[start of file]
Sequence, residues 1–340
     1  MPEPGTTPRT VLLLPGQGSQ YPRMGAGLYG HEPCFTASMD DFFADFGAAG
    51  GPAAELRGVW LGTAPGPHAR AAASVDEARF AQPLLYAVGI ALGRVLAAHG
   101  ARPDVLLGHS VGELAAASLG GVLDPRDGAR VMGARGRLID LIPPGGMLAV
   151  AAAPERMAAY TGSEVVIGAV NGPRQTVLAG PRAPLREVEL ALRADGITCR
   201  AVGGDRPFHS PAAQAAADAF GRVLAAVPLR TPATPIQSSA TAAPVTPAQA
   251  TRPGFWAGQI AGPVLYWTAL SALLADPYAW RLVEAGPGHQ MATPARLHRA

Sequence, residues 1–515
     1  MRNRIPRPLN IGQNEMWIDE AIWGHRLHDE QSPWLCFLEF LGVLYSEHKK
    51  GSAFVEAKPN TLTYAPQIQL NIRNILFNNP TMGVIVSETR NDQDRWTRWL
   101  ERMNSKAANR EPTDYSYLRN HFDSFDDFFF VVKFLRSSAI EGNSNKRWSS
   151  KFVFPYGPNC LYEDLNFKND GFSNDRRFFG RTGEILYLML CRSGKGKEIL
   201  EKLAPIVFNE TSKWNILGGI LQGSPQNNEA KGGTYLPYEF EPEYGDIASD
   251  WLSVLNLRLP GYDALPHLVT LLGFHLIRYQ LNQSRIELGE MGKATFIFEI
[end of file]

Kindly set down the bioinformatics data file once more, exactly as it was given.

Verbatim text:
Sequence, residues 1–340
     1  MPEPGTTPRT VLLLPGQGSQ YPRMGAGLYG HEPCFTASMD DFFADFGAAG
    51  GPAAELRGVW LGTAPGPHAR AAASVDEARF AQPLLYAVGI ALGRVLAAHG
   101  ARPDVLLGHS VGELAAASLG GVLDPRDGAR VMGARGRLID LIPPGGMLAV
   151  AAAPERMAAY TGSEVVIGAV NGPRQTVLAG PRAPLREVEL ALRADGITCR
   201  AVGGDRPFHS PAAQAAADAF GRVLAAVPLR TPATPIQSSA TAAPVTPAQA
   251  TRPGFWAGQI AGPVLYWTAL SALLADPYAW RLVEAGPGHQ MATPARLHRA

Sequence, residues 1–515
     1  MRNRIPRPLN IGQNEMWIDE AIWGHRLHDE QSPWLCFLEF LGVLYSEHKK
    51  GSAFVEAKPN TLTYAPQIQL NIRNILFNNP TMGVIVSETR NDQDRWTRWL
   101  ERMNSKAANR EPTDYSYLRN HFDSFDDFFF VVKFLRSSAI EGNSNKRWSS
   151  KFVFPYGPNC LYEDLNFKND GFSNDRRFFG RTGEILYLML CRSGKGKEIL
   201  EKLAPIVFNE TSKWNILGGI LQGSPQNNEA KGGTYLPYEF EPEYGDIASD
   251  WLSVLNLRLP GYDALPHLVT LLGFHLIRYQ LNQSRIELGE MGKATFIFEI